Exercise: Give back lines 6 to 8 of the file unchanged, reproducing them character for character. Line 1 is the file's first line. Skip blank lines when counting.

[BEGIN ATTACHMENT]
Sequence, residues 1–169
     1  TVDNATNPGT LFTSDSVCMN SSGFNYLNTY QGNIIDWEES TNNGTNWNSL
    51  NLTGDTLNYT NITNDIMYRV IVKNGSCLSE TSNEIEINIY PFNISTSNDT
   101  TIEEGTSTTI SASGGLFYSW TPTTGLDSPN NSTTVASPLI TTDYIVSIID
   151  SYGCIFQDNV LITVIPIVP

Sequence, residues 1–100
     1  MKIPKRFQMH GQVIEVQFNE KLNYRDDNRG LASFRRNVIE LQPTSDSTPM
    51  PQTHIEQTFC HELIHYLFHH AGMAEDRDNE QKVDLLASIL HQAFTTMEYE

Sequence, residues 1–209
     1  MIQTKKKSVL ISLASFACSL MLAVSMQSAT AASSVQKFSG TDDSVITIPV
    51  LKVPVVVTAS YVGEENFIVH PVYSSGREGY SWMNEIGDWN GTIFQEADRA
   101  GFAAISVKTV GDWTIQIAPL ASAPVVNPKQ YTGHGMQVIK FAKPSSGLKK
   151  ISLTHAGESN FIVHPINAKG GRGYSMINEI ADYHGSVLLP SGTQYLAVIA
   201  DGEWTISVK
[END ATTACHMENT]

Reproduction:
Sequence, residues 1–100
     1  MKIPKRFQMH GQVIEVQFNE KLNYRDDNRG LASFRRNVIE LQPTSDSTPM
    51  PQTHIEQTFC HELIHYLFHH AGMAEDRDNE QKVDLLASIL HQAFTTMEYE